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The snake named Leptotyphlops carlae, as thin as a spaghetti noodle, is resting on a U. S. quarter. Blair Hedges, professor of biology at Penn State University, described the species and determined that it is the smallest identified snake species. Photo Courtesy Blair Hedges, Penn State.
The world's smallest species of snake, with adults averaging just less than four inches in length, has been identified on the Caribbean island of Barbados. The species, which is as thin as a spaghetti noodle and small enough to rest comfortably on a U.S. quarter, was described by Blair Hedges, an evolutionary biologist at Penn State.
Hedges described the new snake -- a type of threadsnake -- which lives in a tiny forest fragment on the eastern side of Barbados. Hedges determined that the Barbados species is new to science on the basis of its genetic differences from other snake species and its unique color pattern and scales. He also determined that some old museum specimens that had been misidentified by other scientists actually belong to this new species.
Scientists seek to measure both adult males and adult females of a species to determine its average size. Using these methods, Hedges determined that this species, which he named Leptotyphlops carlae, is the smallest known snake species.
Hedges said the Barbados snake may be near the minimum possible size for snakes, though he cannot say for sure that no smaller species exists -- several other snake species are nearly as small.
"Snakes may be prevented by natural selection from becoming too small because, below a certain size, there may be nothing for their young to eat," said Hedges, adding that the Barbados snake, like others to which it is related, likely feeds primarily on the larvae of ants and termites.
In contrast to larger species -- some of which can lay up to 100 eggs in a single clutch -- the smallest snakes, and the smallest of other types of animals, usually lay only one egg or give birth to one offspring. Furthermore, the smallest animals have young that are proportionately enormous relative to the adults. For example, the hatchlings of the smallest snakes are one-half the length of an adult, whereas the hatchlings of the largest snakes are only one-tenth the length of an adult. The Barbados snake is no exception to this pattern. It produces a single slender egg that occupies a significant portion of the mother's body.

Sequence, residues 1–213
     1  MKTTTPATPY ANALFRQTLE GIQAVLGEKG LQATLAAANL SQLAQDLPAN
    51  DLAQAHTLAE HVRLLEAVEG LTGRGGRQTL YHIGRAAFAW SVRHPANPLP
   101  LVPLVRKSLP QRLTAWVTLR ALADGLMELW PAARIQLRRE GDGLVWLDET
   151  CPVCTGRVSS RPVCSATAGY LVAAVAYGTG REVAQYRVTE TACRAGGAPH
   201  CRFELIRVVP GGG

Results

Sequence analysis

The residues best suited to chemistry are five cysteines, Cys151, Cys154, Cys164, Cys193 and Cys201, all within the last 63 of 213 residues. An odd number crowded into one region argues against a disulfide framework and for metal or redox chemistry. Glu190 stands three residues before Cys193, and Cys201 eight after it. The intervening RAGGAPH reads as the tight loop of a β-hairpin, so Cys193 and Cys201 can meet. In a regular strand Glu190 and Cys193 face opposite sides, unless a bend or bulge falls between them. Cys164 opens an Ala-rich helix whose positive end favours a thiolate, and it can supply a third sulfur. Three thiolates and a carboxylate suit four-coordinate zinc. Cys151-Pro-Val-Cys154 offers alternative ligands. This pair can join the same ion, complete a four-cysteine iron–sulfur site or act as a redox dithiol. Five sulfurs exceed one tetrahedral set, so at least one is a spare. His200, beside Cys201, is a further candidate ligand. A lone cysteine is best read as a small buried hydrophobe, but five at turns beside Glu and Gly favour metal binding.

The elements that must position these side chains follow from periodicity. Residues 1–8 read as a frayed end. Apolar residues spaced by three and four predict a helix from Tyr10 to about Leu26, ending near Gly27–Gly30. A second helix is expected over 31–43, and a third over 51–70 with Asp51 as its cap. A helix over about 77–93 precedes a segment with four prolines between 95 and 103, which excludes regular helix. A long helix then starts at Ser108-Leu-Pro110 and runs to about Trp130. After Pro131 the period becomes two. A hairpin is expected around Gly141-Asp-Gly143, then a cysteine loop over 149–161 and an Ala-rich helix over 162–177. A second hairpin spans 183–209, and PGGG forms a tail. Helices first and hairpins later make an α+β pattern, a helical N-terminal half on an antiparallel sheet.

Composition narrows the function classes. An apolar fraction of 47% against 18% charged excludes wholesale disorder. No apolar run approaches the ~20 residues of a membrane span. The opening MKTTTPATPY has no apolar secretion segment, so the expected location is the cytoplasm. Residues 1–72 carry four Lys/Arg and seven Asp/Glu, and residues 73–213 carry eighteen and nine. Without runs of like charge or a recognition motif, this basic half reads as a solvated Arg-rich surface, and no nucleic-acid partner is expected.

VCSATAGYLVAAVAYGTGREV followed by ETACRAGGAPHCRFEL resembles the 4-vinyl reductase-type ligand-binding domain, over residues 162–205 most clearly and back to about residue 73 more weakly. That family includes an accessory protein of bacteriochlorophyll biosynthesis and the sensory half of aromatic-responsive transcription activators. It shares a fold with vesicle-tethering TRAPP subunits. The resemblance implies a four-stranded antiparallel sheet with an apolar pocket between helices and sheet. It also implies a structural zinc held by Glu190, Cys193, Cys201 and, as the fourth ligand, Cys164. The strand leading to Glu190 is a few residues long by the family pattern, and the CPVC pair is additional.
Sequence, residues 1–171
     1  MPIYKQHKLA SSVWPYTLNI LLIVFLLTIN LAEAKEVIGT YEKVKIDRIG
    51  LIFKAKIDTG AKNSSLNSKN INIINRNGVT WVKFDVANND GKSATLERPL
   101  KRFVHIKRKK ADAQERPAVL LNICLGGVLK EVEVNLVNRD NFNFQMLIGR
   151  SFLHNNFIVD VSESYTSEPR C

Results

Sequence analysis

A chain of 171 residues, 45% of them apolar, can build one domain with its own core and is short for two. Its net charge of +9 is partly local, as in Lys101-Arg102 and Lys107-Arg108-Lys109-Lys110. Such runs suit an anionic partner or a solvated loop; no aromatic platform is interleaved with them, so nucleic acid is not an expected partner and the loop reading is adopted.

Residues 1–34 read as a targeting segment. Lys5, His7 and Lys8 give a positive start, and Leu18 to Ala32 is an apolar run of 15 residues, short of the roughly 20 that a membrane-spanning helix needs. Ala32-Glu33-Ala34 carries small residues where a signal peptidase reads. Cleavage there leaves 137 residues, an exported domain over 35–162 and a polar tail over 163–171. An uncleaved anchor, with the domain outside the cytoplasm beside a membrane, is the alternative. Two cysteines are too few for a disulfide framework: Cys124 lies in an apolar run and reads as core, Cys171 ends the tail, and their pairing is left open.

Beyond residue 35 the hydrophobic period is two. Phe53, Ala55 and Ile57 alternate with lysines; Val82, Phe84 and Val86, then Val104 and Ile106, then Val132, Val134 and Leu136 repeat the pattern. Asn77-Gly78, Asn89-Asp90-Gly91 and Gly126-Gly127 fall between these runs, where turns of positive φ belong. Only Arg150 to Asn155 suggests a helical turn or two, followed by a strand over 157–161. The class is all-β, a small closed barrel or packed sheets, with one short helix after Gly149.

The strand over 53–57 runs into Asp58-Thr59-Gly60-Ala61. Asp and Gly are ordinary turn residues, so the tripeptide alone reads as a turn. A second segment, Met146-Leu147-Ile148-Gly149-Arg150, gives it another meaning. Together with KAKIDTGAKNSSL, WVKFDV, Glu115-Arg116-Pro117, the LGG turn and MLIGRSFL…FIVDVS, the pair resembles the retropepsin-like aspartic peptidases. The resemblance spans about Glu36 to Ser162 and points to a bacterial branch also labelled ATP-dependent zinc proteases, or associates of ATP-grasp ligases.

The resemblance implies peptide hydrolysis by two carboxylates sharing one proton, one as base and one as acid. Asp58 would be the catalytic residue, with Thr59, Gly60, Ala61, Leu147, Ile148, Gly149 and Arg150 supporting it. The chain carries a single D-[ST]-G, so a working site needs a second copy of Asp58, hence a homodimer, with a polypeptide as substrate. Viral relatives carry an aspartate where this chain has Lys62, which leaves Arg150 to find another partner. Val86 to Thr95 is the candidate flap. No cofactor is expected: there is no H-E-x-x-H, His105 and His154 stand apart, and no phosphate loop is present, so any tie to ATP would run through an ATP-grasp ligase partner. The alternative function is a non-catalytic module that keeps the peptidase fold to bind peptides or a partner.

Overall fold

"If a tiny snake were to have two offspring, each egg could occupy only half the space that is devoted to reproduction within its body. But then each of the two hatchlings would be half the normal size, perhaps too small to function as a snake or in the environment," said Hedges. "The fact that tiny snakes produce only one massive egg -- relative to the size of the mother -- suggests that natural selection is trying to keep the size of hatchlings above a critical limit in order to survive."
Hedges has described more than 65 new species of amphibians and reptiles throughout the Caribbean in the course of his genetic and evolutionary studies. In the paper in which he describes the Leptotyphlops carlae snake, he also describes another snake that lives on the nearby island of St. Lucia, a threadsnake that is nearly as small as the Barbados snake.
The most recent description was published on August 4, 2008 in the journal Zootaxa. Funding for the research was provided by the National Science Foundation and the National Aeronautics and Space Administration.